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早已 is more formal. It is seldom used in modern Cn Lang. In general, it brings you negative emotion. (Something/Somebody has gone/disappeared/left) 早就 has some deeper meaning such as pride, regret, impatient, etc. It broadly used in modern Cn Lang. e.g. 我早就把早餐做好了 - I have cooked our breakfast already. [PRIDE] 他早就去世了 - He has been dead already. (I missed ...


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But why do I think they are all the same?Maybe "早已” is used more often in the past time and it sounds more literary.They are not so different now.


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早已 and 早就 are different. They can be exchangeable in practice and may or may not have the same meaning. But their grammar structure are different. Examples-1: 他搬走了.(He moved) (To answer what happened to him?) 他已经搬走了.(Since he moved, he is no longer here) 他早已经搬走了.(1) (Since he moved, he is no longer here. That happened long time ago.) 他早已搬走了.(same as 1) ...


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地点 is a place where something is or could be located. 现场 is the place where an action or event occurs.


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Just as in English, there are situation where the same meaning is present with different words. For example: 1 + 1 = 2 We said 1 plus 1 equals to 2, or we can say, while not as common, 1 add 1 equals to 2. Now take another example: Add more oil to the pan using plus on above sentence will be arguable. Now a third example: "Our family ...


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You drive to a gas station to "加油". We don't say "添油". If you add some firewood to a campfire, we usually say "添柴". If you say "加柴", if still makes good sense, but does not sound as natural as "添柴". Otherwise, the character "添" is usually used with other characters, like "增添". Although ""增添" and "增加" have the same meaning, they're not fully ...


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Strictly speaking to the questions, 我走了 is a pretty common sentence that everyone knows it's an about-to-happen action. Everyone knows it can be an about-to-happen action in the right context. Without any context, however, it still strikes me as a past action as in "讲座你听完了么?""没有,我走了". without any context, ... , is there a chance that a native ...


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了 in "我去中国了" does not emphasize it is a past or future action in absent of context. Consider the following: 我去年去中国了 - I went to China last year 我明年去中国了 - I will go to China next year Both are legit and 了 changes depend on the content, althought a native speaker will say: 我去年去了中国 - I have been to China last year 我明年(要)去中国了 - I have to go to China ...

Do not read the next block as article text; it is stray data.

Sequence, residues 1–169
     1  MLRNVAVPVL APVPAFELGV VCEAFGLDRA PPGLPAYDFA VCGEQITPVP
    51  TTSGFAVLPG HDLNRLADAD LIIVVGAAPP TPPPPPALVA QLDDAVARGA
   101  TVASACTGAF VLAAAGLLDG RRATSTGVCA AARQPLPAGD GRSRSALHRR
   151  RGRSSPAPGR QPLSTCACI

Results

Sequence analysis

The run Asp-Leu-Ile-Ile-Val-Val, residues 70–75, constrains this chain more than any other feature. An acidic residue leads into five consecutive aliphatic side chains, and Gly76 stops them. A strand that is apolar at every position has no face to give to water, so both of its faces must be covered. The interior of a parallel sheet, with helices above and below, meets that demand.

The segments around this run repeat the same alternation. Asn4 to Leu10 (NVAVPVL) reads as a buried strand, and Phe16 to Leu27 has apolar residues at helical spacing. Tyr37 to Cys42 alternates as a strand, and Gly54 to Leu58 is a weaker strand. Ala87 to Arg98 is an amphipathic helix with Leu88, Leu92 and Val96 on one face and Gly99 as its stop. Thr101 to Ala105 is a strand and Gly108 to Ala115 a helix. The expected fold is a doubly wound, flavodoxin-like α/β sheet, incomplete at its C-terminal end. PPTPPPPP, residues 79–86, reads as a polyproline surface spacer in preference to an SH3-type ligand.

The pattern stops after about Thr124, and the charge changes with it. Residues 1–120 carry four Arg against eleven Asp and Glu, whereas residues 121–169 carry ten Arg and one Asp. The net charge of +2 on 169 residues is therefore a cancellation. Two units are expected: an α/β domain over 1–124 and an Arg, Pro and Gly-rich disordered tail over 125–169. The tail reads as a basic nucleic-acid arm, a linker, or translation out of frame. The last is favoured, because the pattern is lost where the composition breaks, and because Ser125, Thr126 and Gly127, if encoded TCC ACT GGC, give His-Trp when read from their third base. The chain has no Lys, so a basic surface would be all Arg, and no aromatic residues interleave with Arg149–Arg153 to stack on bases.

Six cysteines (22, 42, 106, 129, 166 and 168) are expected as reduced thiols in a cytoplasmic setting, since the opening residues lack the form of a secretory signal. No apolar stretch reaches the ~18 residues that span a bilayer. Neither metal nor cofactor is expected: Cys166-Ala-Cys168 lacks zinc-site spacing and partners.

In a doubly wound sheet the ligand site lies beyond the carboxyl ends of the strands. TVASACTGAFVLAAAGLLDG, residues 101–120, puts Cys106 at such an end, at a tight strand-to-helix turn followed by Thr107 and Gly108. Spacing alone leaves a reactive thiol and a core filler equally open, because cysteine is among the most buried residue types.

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For a future action, there must be 要, 就要. It means "it is the time to do it", not exactly future action. For true future sense, say 将要. The key is more in 要 than in 了. 他去中国了 verses 他要去中国了. If you are the speaker, keep it for safety. Say, 他已经去中国了 versus 他就要去中国了.


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Today they are interchangeable as long as they mean "miserly". 小器 predates 小氣 In The Analects, Chapter 3 (論語 ‧ 八佾) (4th-3rd century BC) 子曰:管仲之器小哉。或曰:管仲儉乎 "Confucius says Guan Zhong is miserly, but someone asks if he is frugal?" Does it make sense that 小器 means miserly? Yes and no because "miserly" and "frugal" are not identical. But 小器 also means ...


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From Beijing's FLP C-E dictionary, 小气 and 小器 are considered identical. 小气 is described as stingy/miserly or narrow-minded, while 小器 is described as equivalent to 小气, without an explanation of its own. Using a smaller dictionary (Oxford Concise EC-CE), 小器 is not listed. To me this implies that 小器 is less common. I discussed this with two friends of mine who ...


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In my opinion, the former means more like "selfish", and the latter means "small household utensils", we Chinese use it to descrip someone who can't understand others with even a small thing. However, sometimes, "小气' can be "小器".


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I am a native Chinese speaker. Knowing exactly the meanings of the words "複" and "復" is a key to a solution of your problem. The word "複" has a meaning of "double". For example, "複數" means "complex number", because a complex number can be loosely viewed as a pair of real numbers. So "複習" means "study or learn again". The word "復" has a meaning of "re-". ...


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While 複 and 復 are pronounced exactly the same in modern Mandarin Chinese with the exact same tones (fù) and are both written as 复 in Simplified Chinese, they originally had different pronunciations. 複 was pronounced with an unvoiced initial consonant in Middle Chinese (ca. 600), /pjuk/, while 復 had a voiced initial consonant, /bjuk/. Because both words ...



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